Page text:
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Fort Lewis College and San Juan College partner to address area’s teacher shortage

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Tuesday, July 31, 2018 9:55 PM
Fort Lewis College and San Juan College in Farmington will partner on a program to boost the number of science, technology, engineering and math teachers in the Four Corners.

Fort Lewis College and San Juan College in Farmington were awarded more than $1 million from the National Science Foundation to create a program to boost the number of science, technology, engineering and math teachers in the Four Corners.

The two colleges will unite to offer the Four Corners Noyce Scholars program, FCNS, which aims to increase the number of STEM graduates from both schools who also earn teaching certifications.

The Colorado Department of Higher Education’s 2017 report, Colorado’s Teacher Shortages: Attracting and Retaining Excellent Educators, said, “the state has teacher shortages in early childhood education and care, science, math, world languages, special education and art/music/drama. We lack minority educators throughout the state. The shortages are more pronounced in rural and remote rural areas, where we find unique challenges driven by inadequate teacher compensation, lack of affordable housing and difficulty attracting new teachers to rural communities.”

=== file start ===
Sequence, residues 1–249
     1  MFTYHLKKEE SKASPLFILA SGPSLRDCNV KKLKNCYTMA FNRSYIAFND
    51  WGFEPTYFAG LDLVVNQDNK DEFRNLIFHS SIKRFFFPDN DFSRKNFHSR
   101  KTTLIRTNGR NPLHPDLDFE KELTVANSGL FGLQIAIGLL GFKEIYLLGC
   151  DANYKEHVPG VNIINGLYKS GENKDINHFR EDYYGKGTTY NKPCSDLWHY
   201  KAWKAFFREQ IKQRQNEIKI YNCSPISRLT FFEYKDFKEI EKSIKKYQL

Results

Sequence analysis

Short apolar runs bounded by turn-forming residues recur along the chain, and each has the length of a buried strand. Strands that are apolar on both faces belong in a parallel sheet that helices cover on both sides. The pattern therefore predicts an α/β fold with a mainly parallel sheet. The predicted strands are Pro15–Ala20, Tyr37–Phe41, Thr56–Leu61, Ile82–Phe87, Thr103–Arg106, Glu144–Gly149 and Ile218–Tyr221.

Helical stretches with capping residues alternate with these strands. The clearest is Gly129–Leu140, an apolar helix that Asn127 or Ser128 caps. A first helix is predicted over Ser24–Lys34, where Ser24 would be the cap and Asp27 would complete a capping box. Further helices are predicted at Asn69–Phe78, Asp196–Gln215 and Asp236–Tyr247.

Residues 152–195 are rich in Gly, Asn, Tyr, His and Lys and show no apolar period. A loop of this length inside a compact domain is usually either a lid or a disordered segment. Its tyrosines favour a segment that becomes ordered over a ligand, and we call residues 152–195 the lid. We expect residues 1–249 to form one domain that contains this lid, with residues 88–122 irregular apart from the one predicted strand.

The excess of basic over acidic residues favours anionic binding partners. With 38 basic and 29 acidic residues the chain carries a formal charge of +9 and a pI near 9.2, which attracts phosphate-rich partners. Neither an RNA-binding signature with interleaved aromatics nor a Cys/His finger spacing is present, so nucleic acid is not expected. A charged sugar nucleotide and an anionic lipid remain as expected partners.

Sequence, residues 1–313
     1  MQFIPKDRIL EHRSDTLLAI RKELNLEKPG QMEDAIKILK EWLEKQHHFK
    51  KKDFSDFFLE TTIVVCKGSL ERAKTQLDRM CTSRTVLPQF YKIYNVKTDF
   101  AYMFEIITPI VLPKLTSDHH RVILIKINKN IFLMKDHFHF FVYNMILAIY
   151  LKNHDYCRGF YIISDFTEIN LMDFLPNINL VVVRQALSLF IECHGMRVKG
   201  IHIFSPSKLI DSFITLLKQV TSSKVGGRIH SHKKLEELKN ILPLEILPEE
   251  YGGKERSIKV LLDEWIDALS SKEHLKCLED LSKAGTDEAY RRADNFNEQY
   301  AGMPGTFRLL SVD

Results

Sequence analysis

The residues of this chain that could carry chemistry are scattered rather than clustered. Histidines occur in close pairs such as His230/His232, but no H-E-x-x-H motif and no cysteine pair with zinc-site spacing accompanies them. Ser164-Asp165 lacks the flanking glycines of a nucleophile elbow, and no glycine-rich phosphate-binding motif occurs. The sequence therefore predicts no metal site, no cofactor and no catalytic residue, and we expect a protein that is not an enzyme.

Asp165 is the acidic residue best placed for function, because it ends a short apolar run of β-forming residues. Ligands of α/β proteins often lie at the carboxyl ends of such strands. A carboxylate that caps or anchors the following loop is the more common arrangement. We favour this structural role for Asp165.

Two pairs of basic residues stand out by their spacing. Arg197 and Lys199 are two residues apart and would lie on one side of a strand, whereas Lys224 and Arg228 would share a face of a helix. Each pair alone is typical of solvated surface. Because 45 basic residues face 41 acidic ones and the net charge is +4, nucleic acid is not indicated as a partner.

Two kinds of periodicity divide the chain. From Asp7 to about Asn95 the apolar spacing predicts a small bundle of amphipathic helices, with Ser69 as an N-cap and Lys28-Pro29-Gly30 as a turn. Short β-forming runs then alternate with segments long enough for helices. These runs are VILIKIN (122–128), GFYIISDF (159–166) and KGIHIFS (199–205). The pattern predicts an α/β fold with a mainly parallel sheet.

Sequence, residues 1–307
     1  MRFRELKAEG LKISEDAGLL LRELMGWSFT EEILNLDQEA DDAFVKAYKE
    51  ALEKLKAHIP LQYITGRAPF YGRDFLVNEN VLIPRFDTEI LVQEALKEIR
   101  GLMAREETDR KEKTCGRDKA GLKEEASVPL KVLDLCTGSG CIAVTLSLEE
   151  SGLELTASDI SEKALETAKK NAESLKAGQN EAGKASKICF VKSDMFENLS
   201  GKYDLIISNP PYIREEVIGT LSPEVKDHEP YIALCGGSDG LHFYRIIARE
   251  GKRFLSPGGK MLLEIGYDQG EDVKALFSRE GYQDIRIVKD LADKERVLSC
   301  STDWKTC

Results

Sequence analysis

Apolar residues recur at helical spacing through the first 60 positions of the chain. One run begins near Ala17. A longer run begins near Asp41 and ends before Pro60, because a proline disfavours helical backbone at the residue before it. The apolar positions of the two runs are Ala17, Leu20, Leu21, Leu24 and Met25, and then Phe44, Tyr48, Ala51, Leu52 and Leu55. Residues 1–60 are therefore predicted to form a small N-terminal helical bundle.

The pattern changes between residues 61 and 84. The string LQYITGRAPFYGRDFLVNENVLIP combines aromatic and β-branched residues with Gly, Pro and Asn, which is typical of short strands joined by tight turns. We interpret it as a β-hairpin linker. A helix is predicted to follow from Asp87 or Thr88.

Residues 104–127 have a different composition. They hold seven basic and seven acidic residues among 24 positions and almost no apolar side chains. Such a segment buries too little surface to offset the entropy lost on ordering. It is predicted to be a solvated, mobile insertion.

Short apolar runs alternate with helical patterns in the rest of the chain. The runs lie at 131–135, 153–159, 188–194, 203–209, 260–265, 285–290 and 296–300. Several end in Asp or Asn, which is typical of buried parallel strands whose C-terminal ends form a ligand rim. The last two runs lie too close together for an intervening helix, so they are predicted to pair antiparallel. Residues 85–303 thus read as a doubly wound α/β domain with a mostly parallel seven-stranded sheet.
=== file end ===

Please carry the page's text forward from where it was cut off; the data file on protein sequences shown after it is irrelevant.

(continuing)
FLC and San Juan College are well-suited to respond to the need for more teachers in remote areas, not only in Colorado, but New Mexico, Arizona and Utah as well.

“The Four Corners Noyce Scholars program is one way that Fort Lewis College contributes to the goal of preparing teachers for rural communities,” said Anne McCarthy, associate dean of the FLC School of Arts and Sciences and one of the leaders behind the Noyce program. “FCNS aims to increase the number of well-qualified STEM teachers in the region’s schools, particularly in the many high-need, rural communities located in the Four Corners region and the nearby Navajo Nation.”

The FLC-San Juan College Noyce program will recruit students from rural communities within the Four Corners and provide scholarships to those students. After their training and graduation, students, equipped with the tools needed to teach in STEM fields, will be encouraged to return to their communities.

Students within the Noyce program can receive scholarship support to pursue their teacher certification, along with specialized training in teaching in rural, often isolated and lower income communities.

Students working through the FCNS program will be paired with teaching opportunities offered in 13 school districts and 10 community partners located across Colorado, New Mexico and Arizona.

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